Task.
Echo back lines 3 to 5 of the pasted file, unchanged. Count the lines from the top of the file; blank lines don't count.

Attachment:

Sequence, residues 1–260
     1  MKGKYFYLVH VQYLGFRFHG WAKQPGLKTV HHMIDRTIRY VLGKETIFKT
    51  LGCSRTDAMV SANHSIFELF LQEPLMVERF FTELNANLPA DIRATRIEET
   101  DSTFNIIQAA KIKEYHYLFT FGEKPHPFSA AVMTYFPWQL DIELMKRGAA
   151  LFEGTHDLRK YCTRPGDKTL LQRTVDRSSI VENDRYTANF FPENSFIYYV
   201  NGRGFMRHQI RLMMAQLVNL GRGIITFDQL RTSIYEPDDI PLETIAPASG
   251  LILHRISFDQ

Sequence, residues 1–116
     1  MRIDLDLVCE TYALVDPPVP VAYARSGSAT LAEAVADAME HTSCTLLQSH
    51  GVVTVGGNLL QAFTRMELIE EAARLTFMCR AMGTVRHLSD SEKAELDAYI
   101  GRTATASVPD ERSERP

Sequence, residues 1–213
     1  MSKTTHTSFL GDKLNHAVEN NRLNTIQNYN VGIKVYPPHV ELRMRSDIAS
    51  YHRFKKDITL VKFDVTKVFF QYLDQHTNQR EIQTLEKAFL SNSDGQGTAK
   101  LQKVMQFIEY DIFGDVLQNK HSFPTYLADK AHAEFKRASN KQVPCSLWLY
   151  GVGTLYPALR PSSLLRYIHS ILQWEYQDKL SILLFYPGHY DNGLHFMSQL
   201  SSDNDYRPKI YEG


    51  LGCSRTDAMV SANHSIFELF LQEPLMVERF FTELNANLPA DIRATRIEET
   101  DSTFNIIQAA KIKEYHYLFT FGEKPHPFSA AVMTYFPWQL DIELMKRGAA
   151  LFEGTHDLRK YCTRPGDKTL LQRTVDRSSI VENDRYTANF FPENSFIYYV